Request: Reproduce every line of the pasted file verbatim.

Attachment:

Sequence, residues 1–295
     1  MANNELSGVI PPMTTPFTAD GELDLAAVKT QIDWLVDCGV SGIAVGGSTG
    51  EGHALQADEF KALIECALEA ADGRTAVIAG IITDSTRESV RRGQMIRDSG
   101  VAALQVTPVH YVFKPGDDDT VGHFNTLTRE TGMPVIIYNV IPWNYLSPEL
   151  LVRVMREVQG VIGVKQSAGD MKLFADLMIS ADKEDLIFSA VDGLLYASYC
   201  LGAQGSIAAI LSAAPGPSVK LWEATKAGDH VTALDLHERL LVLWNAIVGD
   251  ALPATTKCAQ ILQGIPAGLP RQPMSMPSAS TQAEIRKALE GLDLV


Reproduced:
Sequence, residues 1–295
     1  MANNELSGVI PPMTTPFTAD GELDLAAVKT QIDWLVDCGV SGIAVGGSTG
    51  EGHALQADEF KALIECALEA ADGRTAVIAG IITDSTRESV RRGQMIRDSG
   101  VAALQVTPVH YVFKPGDDDT VGHFNTLTRE TGMPVIIYNV IPWNYLSPEL
   151  LVRVMREVQG VIGVKQSAGD MKLFADLMIS ADKEDLIFSA VDGLLYASYC
   201  LGAQGSIAAI LSAAPGPSVK LWEATKAGDH VTALDLHERL LVLWNAIVGD
   251  ALPATTKCAQ ILQGIPAGLP RQPMSMPSAS TQAEIRKALE GLDLV